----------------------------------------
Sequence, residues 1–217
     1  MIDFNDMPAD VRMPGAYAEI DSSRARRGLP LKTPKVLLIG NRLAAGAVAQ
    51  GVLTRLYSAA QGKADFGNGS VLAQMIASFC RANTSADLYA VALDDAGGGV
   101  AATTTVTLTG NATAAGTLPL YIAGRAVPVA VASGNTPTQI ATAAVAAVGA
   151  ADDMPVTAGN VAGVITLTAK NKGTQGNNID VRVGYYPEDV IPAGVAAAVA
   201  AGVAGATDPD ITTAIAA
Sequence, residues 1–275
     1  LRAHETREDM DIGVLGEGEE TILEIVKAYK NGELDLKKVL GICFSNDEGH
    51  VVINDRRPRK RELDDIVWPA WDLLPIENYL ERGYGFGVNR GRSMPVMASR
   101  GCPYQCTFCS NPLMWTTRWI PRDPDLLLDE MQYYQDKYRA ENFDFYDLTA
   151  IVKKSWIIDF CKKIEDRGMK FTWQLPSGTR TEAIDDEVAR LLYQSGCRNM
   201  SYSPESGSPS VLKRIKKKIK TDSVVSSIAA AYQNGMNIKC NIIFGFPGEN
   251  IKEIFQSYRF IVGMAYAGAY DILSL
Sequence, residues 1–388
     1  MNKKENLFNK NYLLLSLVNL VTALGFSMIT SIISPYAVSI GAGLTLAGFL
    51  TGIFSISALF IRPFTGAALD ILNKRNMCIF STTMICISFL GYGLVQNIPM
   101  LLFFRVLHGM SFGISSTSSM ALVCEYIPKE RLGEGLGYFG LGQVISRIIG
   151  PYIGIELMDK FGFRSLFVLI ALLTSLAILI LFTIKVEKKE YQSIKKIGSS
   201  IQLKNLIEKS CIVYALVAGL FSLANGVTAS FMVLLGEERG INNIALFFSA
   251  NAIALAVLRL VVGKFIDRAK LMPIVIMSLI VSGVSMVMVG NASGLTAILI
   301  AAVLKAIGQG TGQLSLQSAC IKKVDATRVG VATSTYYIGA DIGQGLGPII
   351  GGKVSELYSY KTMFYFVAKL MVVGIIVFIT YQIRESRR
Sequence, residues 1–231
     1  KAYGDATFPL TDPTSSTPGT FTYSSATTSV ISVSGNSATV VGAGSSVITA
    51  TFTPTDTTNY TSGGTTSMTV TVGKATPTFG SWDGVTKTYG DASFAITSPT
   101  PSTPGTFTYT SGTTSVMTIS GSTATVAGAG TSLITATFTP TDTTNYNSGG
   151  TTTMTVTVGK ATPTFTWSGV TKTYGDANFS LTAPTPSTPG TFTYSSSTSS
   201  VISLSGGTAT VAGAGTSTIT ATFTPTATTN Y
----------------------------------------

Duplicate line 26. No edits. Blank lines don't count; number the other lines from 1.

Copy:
   101  PSTPGTFTYT SGTTSVMTIS GSTATVAGAG TSLITATFTP TDTTNYNSGG